• Rewrite laws which the Supreme Court has declared unconstitutional.
  • Propose amendments that could add to or change the Constitution.
  • Impeach the president or federal judges (charge them with improper conduct).

The Supreme Court can:

  • Declare the president's actions unconstitutional.
  • Declare Congress' laws unconstitutional.

The president can:

  • Appoint federal judges.
  • Propose or veto legislation.

For the writers of the Constitution, the amount of representation citizens would have in Congress was a major hurdle. They were finally forced to compromise. Representation in the House is based on population. This ensures the largest states have enough representation. Equal representation in the Senate - two senators from each state - ensures even the smallest states will be heard.

The Constitution further protects citizens' rights because:

The powers of the federal (national) government are stated. The remaining power is given to the state governments. No state can take actions that could compromise the welfare of the United States, such as waging wars or making treaties with other countries. The federal government cannot create a new state inside an existing state, or change state boundaries without the consent of the state.

Citizens elect their representatives. They have the right to support or protest decisions which are made by them.

Terms of office are limited. According to the 22nd Amendment, the president may only serve two four-year terms. Senators serve six-year terms, and representatives serve two years. Supreme Court justices serve for life, but they may retire, resign or be impeached.

Each state's citizens have to approve any amendments (changes) to the Constitution. Three-fourths of the states must agree to the amendment.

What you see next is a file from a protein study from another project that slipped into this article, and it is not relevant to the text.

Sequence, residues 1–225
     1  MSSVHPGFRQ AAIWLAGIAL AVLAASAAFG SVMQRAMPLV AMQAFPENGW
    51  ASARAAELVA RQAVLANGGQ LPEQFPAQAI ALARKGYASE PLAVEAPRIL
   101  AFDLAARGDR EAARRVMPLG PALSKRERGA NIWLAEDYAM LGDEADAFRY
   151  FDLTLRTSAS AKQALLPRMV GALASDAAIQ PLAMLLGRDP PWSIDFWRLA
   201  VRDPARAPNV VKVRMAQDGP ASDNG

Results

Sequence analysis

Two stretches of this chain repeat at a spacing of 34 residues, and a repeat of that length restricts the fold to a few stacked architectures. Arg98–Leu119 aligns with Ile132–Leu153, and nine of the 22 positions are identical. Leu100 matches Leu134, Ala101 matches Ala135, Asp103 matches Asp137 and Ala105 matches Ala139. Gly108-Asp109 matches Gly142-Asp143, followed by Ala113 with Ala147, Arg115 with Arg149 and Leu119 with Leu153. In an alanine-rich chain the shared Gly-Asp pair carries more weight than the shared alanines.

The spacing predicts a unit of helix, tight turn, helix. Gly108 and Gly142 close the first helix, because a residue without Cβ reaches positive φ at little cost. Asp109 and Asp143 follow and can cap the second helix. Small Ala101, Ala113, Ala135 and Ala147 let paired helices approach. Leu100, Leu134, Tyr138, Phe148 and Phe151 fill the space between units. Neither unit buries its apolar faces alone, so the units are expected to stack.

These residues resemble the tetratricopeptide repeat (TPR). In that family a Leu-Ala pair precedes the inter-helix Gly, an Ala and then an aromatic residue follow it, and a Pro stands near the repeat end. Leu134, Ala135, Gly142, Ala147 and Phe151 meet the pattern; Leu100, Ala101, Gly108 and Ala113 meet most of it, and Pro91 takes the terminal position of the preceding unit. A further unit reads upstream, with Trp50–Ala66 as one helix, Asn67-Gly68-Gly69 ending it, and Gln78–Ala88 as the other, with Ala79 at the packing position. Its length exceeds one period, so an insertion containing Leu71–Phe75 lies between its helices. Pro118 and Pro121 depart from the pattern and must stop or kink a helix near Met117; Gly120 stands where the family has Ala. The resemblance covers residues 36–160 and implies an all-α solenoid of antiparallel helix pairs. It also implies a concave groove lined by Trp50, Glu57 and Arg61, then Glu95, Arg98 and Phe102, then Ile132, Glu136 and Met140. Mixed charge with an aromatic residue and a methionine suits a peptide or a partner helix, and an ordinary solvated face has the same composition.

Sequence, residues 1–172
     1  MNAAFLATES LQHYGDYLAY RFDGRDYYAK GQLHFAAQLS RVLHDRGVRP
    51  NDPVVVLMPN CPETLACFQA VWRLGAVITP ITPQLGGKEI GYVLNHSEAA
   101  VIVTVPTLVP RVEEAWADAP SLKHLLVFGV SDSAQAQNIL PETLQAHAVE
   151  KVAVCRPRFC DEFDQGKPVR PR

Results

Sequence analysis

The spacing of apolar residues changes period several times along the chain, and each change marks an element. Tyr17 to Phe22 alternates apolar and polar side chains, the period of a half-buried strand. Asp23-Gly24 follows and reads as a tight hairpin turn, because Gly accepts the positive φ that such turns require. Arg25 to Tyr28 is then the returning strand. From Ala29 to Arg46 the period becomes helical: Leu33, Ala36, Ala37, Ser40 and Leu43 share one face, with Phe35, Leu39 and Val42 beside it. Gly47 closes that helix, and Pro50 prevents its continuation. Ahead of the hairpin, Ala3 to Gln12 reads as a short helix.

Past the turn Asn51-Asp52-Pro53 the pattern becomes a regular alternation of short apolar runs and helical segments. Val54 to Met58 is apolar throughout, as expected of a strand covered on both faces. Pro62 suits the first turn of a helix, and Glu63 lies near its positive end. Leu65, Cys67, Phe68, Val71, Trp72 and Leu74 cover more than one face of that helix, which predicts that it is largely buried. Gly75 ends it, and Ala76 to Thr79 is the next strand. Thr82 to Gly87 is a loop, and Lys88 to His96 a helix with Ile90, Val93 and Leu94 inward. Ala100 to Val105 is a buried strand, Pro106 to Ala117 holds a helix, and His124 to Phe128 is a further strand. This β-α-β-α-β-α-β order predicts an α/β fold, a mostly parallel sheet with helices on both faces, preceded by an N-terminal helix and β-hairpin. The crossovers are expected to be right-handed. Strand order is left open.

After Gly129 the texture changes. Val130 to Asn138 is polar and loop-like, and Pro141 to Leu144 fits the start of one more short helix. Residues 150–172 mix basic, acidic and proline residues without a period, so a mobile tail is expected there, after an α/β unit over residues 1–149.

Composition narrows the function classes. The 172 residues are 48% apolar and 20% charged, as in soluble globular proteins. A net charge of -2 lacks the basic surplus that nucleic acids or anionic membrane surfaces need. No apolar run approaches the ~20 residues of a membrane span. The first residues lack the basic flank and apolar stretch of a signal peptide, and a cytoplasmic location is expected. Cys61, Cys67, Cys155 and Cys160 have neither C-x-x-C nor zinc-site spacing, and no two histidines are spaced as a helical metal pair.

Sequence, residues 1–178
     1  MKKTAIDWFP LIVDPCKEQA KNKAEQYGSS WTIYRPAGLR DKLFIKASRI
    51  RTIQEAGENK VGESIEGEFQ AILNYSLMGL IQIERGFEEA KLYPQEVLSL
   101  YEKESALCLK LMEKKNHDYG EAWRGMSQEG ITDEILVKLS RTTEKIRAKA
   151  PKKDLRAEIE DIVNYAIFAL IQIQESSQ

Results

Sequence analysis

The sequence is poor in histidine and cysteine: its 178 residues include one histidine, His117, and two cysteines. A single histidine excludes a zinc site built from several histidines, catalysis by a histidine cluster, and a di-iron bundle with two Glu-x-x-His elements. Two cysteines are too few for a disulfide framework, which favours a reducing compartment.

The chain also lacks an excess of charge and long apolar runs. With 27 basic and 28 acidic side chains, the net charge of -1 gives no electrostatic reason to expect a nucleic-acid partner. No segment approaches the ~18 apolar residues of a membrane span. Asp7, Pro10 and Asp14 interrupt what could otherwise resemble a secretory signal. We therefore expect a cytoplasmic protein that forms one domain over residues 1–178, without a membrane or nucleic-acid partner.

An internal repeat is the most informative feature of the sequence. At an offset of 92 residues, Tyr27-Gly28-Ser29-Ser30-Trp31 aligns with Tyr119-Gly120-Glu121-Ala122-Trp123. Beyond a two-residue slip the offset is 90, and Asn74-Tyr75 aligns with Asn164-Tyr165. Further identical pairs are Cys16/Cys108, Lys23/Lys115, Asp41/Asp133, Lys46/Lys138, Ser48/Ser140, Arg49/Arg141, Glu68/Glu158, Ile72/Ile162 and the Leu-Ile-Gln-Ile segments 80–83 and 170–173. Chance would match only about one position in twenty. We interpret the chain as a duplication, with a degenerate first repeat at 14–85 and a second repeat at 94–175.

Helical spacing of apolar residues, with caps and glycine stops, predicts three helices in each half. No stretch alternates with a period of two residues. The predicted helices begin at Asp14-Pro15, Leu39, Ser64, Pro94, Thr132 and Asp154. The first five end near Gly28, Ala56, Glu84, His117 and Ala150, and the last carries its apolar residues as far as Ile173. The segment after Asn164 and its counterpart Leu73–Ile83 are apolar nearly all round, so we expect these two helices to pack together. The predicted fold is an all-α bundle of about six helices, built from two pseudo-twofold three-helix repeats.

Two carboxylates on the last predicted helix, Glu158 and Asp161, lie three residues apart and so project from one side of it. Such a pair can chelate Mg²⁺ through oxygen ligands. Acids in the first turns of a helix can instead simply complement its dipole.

The rights of all citizens are stated in the Bill of Rights, the first 10 amendments to the Constitution.

When the Constitution was written, the term "people" or "persons" referred to white males only. Women, slaves and other groups were not guaranteed basic human rights, but eventually these were granted by a series of acts and amendments. The Bill of Rights is discussed in detail in Lesson 4


Discussion Questions:

  • Why is a written constitution better than one that unwritten or partially written? (Possible answers: Citizens know what to expect from the government and can hold it accountable; officials and citizens can refer to what is written; it's easier to understand.)
  • Why is the president limited to two terms of office, when there are no restrictions on any other officials? (He might gain too much power and influence over time.)
  • Why are federal court justices appointed and not elected by citizens? (Possible answer: If they wanted to be re-elected, their decisions might be influenced by citizens.)


Activity: "If the U.S. Wasn't a Democracy" Essay 

What would life be like if the United States was a dictatorship or monarchy? Invite your class or group to write a short essay describing the changes they might see in their family life, their school and their community. For instance, how might the government influence their membership in various groups and organizations?